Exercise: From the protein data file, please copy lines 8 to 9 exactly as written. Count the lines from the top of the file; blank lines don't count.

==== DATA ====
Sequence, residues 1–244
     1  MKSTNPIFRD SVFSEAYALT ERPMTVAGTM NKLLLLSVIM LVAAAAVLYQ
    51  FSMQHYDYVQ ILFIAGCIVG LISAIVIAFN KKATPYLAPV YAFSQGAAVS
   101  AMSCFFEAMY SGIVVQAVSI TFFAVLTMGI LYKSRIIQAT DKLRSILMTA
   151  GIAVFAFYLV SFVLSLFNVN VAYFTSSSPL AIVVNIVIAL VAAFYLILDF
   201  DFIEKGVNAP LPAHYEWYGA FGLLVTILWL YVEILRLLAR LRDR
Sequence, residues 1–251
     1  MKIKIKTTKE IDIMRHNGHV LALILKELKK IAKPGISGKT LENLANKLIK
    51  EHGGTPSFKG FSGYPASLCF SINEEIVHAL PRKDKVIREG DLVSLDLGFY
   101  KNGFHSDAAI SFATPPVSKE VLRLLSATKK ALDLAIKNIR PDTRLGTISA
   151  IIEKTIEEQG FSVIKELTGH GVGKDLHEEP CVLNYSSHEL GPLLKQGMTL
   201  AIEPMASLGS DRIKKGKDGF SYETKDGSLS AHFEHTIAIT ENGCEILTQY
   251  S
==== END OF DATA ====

     1  MKIKIKTTKE IDIMRHNGHV LALILKELKK IAKPGISGKT LENLANKLIK
    51  EHGGTPSFKG FSGYPASLCF SINEEIVHAL PRKDKVIREG DLVSLDLGFY